July 16, 2008
Originally published May 5, 2006
At the end of last month, I noticed that my April child support check still had not cleared the bank. I sent it off with a letter I wrote to my son, so I wondered if the darlin' ex-wife simply saw the letter and threw it away, along with the check. I hoped not, because it's been a while since she sent sheriff's deputies to my house, and I would prefer to keep it that way.
I sent her an email at work, asking about the check. She replied a day later, saying that she received the check and she just hadn't gotten around to depositing it yet. (That's how badly she needs the money--- that check STILL has not cleared.) I noticed from the address on the email that she must have remarried, because she has a new last name now.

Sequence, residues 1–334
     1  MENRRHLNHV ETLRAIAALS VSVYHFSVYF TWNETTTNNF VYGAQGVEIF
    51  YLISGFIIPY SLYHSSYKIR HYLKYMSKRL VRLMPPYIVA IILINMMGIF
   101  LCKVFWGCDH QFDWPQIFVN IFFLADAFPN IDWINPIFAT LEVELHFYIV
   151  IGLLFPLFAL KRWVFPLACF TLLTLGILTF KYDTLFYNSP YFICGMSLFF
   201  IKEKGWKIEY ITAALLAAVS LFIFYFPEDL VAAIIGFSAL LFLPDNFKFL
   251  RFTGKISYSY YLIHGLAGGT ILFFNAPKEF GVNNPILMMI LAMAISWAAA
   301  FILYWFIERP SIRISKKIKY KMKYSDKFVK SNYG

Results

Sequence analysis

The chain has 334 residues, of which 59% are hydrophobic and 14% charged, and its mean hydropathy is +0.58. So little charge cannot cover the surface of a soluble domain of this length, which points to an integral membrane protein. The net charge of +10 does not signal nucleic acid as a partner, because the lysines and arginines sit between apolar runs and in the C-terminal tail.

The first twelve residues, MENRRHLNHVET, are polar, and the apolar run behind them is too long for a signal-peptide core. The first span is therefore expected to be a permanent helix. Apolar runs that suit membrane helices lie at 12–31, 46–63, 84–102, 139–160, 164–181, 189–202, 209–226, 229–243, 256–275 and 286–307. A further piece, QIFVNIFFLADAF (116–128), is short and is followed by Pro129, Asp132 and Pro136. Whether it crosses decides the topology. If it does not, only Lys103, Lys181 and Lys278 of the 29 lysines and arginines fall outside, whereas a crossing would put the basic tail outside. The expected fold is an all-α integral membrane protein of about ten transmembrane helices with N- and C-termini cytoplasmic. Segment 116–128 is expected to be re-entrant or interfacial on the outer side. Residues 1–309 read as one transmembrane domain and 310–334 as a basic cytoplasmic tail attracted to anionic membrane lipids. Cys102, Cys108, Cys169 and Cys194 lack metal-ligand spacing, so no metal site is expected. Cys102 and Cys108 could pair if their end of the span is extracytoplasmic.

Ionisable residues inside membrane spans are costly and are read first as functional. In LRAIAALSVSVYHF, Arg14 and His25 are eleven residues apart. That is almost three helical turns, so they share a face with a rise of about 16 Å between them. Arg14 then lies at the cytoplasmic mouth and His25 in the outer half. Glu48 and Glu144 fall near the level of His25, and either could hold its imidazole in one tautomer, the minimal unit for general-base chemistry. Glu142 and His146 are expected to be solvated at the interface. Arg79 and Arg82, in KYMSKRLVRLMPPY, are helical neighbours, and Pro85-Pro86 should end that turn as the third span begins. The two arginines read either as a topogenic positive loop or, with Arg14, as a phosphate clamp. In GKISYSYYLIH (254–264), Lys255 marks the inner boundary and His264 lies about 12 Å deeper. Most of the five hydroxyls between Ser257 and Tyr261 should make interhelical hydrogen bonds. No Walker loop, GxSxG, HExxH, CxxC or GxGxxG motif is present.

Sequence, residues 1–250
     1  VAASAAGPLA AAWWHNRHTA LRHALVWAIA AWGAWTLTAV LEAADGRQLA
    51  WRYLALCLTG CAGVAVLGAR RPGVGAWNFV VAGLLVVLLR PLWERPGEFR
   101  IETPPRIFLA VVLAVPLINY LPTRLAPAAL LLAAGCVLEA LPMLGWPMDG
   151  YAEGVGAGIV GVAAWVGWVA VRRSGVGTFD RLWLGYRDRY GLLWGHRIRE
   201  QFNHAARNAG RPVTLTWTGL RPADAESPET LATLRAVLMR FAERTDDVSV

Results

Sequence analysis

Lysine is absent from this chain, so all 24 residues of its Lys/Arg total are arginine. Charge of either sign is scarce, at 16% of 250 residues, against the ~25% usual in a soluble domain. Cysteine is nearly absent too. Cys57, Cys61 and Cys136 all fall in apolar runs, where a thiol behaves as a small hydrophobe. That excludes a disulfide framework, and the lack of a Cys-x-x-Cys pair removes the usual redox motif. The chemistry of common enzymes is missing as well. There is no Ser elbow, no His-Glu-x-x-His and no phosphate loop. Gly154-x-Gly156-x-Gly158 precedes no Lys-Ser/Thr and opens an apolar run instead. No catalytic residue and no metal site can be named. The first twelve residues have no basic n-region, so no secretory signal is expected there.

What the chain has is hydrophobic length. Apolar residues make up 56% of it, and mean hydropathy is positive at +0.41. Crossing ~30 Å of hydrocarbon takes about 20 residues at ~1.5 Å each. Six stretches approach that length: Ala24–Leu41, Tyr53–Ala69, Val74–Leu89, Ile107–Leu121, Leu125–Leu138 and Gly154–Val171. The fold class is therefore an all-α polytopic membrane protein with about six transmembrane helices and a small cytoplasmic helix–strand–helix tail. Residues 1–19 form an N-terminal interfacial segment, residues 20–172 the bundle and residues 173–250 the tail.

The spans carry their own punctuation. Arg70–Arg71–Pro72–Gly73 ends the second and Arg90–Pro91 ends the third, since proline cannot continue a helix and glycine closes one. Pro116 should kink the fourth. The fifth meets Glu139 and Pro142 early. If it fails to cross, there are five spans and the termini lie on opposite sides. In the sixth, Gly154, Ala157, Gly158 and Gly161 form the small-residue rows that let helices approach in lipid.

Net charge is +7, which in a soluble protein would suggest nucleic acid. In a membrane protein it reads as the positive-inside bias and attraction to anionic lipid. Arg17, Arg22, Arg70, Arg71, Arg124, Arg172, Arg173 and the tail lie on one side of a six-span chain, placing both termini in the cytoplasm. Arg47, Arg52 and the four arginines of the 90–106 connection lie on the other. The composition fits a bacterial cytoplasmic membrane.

I resent like hell paying her that money. I see it as a got-dam award for shitting all over me. But it could be worse. I could be paying her for somebody else's son.
Florida would become the 17th state since 2001 to alter a centuries-old legal principle that holds men responsible for children born of a marriage regardless of whether the men are the biological fathers, says the Center for Law and Social Policy (CLASP) in Washington, D.C. The principle, which comes from English common law, is designed to keep children from being left without support.
You GO, Florida. I resented being treated as nothing more than a human money-tree in divorce court, and Quinton is MINE (At least I'm pretty sure he is.) If I went through that same experience over a child fathered by somebody else, I might nut up and go postal.
Divorce law treats fathers badly enough when they ARE the daddies. It's a double-clutch fucking when they aren't. That crap just ain't right.
Of course, a woman would NEVER lie to a man about who is the father of her baby, just as a woman would never lie about rape, either.
All content © Rob Smith